Shen Wei on Portraiture

Shen Wei, Untitled Self-portrait (Suzhou River)
fototazo has asked twelve photographers what makes a good portrait. This is the 7th in the series of their responses. The other responses in the series have come from Lucas Foglia, Susan Worsham, Steve Davis, Elinor Carucci, Mark Powell and Jess T. Dugan.

Born and raised in Shanghai, Shen Wei is a fine art photographer currently based in New York City. Shen’s work has been exhibited nationally and internationally and is featured in many private and public collections including the Museum of Contemporary Photography, Museum of Fine Arts St. Petersburg, Florida Museum of Photographic Arts, Museum of Chinese in America, Rockefeller Brothers Fund, and Kinsey Institute.

Shen is a recipient of the Rockefeller Foundation Bellagio Center Creative Artist Residency, the 2007 Griffin Award from the Griffin Museum of Photography, the Excellent Photographer Award from 2008 China Pingyao International Photography Festival and the 2008 Urban Artist Initiative New York City Fellowship. Shen was named one of the top fifteen emerging photographers in the world by American Photo Magazine in 2007 and was also part of PDN’s annual PDN30 list in 2008.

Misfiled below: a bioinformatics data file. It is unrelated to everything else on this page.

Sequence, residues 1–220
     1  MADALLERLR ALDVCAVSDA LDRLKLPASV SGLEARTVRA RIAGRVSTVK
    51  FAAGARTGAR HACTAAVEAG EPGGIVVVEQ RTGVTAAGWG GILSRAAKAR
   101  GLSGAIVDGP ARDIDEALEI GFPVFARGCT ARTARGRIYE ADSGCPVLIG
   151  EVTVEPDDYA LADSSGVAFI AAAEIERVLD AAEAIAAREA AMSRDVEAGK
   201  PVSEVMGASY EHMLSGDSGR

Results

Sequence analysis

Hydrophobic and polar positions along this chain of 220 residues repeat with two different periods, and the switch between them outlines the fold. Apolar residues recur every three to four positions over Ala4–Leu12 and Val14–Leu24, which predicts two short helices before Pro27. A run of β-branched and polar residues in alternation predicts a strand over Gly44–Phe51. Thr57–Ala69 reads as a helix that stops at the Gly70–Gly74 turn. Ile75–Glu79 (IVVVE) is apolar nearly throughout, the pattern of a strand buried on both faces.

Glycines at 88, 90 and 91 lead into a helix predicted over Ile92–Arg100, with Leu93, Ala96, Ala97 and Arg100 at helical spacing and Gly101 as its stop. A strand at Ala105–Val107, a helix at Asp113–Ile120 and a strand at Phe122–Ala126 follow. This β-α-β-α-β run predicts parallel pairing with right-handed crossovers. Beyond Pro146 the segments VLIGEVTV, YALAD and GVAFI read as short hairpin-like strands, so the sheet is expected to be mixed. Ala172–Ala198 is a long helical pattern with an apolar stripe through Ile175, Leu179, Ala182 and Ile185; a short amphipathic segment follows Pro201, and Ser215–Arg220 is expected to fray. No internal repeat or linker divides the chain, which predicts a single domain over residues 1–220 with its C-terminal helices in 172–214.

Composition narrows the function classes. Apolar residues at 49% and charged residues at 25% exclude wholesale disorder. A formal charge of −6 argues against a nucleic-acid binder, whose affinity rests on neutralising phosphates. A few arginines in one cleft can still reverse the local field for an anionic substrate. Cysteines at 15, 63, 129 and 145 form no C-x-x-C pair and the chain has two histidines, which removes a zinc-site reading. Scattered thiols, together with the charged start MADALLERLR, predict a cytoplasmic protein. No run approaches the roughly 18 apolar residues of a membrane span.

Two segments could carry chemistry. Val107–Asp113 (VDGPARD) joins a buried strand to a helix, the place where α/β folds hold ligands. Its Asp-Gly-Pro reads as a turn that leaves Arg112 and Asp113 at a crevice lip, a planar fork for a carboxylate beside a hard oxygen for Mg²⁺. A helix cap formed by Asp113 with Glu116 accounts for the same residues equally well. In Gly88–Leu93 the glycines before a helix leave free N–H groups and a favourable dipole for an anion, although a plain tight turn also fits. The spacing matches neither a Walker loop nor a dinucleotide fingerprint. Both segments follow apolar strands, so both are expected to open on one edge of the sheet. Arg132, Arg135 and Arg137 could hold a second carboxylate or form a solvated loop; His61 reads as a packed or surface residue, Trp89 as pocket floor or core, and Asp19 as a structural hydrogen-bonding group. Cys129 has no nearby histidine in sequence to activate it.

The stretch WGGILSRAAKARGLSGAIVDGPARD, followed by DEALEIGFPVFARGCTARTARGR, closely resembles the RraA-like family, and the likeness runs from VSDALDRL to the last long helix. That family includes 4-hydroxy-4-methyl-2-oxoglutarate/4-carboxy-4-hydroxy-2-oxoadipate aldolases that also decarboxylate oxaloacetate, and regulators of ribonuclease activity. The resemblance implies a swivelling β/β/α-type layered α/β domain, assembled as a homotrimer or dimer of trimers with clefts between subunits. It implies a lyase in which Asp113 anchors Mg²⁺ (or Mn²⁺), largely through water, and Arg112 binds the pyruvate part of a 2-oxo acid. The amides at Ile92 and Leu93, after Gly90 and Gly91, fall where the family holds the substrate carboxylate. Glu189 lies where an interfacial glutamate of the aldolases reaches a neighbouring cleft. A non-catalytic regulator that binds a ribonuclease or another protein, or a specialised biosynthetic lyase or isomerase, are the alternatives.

Shen Wei: Seductive, mystical, introspective and beauty are some of the elements in a portrait that draw me in. I know I am looking at a good portrait when I cannot stop exploring it, when I question the narrative and when I feel both a struggle and a pleasure. I will argue that the meaning of a good portrait is probably different for each individual. For me it is a matter of whether I can have an instinctual emotional response to the portrait.

Yijun Liao, Start your day with a good breakfast together,
One of the portraits that surprised me is a self-portrait by Chinese photographer Yijun Liao, entitled "Start your day with a good breakfast together, 2009." The playfulness, the disturbingly thin body, the unpolished setting and the in-your-face sexuality interact all together and completely. It is both brutally honest and strangely surrealistic. It is that kind of contradiction that makes this portrait great.